Therefore, if we now correct for the three major ASIC errors above (NGE, AYZ and SEC) and also exclude the two pirate fund frauds HML and BHD, then under a simple analysis of 46 LICs/LITs that IPO’d since 2015 the returns since inception to 30 June 2019 is actually +4.4% (compared to ASICs original figure of -6.1%) and -3.0% over the one year to 30 June 2019 (compared to ASIC’s -6.3%). These are summarised in the tables below.
The change in the since inception number is very significant given poor returns since IPO is the core tenant of ASIC’s criticism. In a presentation by ASIC Senior Executive Leader Market Supervision, Calissa Aldridge entitled “A fair strong and efficient financial system for all Australians” the only non-redacted slide included only one return related dot point saying, “Poor performance – overall aggregate returns -6.1%.” In my view this should be at least +4.4% and far from the disaster parts of the media have painted.
Some might counter that even the corrected performance numbers are still subdued in absolute terms. However, these numbers don’t include any adjustment for the other complexities of LICs/LITs discussed above (including simple reinvestment of dividends). Moreover, they are still substantially understating/distorting LIC/LIT returns because they are not adjusting for issues including option dilution, different tax structure/higher franked dividends, the change in the IPO upfront cost model from “investor pays” to “manager pays”, stamping fee rebates or properly incorporating the implications of movements in discounts/premiums.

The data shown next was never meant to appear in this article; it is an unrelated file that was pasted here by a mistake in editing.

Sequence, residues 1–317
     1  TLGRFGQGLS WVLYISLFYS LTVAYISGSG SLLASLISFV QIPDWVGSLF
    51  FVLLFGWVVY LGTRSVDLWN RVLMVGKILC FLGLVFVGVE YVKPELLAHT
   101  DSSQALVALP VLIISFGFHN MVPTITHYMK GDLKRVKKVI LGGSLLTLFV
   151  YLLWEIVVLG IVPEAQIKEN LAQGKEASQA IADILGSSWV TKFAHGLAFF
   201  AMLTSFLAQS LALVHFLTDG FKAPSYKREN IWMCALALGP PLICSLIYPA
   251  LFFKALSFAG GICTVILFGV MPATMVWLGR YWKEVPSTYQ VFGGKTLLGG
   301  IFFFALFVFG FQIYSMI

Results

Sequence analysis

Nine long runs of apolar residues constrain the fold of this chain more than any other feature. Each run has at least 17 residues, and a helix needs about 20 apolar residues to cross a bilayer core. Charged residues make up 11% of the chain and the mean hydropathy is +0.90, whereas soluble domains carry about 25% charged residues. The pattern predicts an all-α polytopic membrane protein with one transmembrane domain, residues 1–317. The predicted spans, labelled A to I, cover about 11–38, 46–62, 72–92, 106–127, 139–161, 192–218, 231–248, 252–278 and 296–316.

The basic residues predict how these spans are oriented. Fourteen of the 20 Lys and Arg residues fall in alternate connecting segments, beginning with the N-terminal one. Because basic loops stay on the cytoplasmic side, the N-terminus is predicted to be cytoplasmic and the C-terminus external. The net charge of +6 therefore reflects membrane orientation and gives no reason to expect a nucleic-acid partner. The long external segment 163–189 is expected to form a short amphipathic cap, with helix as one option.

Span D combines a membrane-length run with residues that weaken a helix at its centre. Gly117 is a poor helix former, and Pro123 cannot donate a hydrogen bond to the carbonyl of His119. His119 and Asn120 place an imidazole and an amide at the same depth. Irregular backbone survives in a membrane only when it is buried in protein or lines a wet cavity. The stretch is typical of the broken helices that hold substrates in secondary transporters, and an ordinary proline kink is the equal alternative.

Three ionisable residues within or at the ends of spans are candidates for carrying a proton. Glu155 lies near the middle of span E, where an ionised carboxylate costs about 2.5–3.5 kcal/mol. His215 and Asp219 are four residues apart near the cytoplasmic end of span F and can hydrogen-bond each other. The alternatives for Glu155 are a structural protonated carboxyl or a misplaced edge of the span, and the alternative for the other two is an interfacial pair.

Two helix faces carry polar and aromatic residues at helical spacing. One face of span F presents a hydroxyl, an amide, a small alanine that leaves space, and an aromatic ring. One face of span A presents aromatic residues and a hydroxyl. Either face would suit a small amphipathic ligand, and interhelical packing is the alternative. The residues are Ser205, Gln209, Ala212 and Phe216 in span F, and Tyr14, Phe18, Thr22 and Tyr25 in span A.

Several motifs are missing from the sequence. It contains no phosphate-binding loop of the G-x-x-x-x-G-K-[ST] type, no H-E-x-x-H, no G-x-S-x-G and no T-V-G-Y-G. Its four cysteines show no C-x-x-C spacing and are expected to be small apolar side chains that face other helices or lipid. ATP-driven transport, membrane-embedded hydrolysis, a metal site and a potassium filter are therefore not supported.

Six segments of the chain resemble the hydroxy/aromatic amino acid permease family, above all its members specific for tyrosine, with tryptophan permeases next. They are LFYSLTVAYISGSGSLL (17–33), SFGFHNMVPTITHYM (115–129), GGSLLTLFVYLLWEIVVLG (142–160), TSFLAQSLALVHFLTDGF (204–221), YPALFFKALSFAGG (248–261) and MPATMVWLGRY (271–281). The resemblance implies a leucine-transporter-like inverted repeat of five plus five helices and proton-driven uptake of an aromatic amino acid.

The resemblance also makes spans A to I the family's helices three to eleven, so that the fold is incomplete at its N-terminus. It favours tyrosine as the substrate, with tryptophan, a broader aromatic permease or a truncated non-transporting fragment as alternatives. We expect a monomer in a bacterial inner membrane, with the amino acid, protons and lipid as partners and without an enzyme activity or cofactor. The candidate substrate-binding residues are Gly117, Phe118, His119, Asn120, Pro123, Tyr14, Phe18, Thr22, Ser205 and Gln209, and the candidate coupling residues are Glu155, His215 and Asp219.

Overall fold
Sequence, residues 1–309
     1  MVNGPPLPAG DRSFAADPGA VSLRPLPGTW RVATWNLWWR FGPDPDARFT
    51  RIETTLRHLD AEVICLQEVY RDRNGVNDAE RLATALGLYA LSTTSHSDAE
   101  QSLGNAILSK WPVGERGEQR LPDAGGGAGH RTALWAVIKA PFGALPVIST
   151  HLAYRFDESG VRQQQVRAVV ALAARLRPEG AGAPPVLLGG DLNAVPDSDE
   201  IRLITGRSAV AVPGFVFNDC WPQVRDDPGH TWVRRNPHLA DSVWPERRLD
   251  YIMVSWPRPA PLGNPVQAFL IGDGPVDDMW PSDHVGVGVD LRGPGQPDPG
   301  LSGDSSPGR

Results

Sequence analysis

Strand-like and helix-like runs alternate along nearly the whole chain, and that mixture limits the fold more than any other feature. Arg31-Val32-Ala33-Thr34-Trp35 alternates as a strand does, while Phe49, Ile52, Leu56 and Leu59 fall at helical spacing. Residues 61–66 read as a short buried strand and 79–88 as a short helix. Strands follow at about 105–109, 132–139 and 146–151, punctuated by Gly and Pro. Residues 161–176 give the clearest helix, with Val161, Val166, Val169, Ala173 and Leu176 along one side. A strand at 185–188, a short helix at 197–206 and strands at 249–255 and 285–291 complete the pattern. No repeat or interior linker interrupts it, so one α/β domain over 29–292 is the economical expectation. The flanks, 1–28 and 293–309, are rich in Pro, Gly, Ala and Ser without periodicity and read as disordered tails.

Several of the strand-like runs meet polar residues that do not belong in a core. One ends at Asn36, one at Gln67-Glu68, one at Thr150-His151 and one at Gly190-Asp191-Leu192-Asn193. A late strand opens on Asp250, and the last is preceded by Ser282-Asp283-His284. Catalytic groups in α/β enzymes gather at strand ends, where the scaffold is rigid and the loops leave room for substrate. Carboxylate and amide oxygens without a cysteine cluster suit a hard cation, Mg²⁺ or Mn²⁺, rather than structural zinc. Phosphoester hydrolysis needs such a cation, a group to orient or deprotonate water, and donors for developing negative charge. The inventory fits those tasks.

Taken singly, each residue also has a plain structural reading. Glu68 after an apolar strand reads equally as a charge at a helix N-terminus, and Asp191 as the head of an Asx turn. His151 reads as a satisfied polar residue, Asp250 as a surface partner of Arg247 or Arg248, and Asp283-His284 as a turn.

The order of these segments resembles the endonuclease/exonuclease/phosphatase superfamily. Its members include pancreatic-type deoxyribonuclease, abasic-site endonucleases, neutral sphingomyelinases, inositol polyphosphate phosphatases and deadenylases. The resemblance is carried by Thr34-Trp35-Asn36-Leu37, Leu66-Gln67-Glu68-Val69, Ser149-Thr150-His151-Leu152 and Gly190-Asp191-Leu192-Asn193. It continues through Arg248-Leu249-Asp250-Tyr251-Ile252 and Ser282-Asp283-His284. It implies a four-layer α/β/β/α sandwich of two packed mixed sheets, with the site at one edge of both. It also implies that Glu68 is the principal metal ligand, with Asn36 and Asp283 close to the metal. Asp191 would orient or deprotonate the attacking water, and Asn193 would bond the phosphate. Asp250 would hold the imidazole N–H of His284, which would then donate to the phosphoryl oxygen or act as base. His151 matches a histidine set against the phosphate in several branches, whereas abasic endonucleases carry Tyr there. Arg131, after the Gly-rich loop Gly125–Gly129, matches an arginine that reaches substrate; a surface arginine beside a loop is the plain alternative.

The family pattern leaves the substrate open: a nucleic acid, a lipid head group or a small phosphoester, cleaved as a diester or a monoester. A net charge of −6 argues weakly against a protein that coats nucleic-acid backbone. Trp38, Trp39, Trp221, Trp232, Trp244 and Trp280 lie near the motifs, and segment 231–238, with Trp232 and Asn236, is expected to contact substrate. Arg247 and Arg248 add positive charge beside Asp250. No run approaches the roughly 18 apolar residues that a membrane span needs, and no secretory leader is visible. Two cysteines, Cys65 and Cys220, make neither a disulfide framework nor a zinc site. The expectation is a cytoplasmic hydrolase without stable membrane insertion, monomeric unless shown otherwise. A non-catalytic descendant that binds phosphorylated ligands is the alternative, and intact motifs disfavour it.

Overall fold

One should also note that the median time since listing of the 46 funds covered is only around 2 years. As I discuss further below this is far from the ideal time period to assess performance of LICs/LITs given the typical, albeit far from certain, move to a discount over the first 1-2 years.
Fortunately, there are few true pirates in LIC/LIT waters
In contrast to the impression from some media commentators, the idea that LIC/LIT IPO are frequently paying high stamping fees of 3% plus and as high as 6% is simply false. Even according to the ASIC analysis of 48 IPOs since 2015, 69% of the funds had stamping fees of 1.5% or less and 92% had stamping fees of 2.5% or less. i.e. only 4 of 48 funds had stamping fees higher than 2.5%. As noted above in some cases these stamping fees were paid fully or substantially to investors via rebates.
It is no real surprise that the two pirate funds account for two of the four stamping fee outliers with HML at 4% and BHD at 3%. One of the other two outliers is MMJ at 5% (an existing listed company converting to a LIC in 2018 and holding a collection of cannabis related investments. However, as far as I can see the 5% stamping/selling fee applied to a capital raising before the fund converted to a LIC.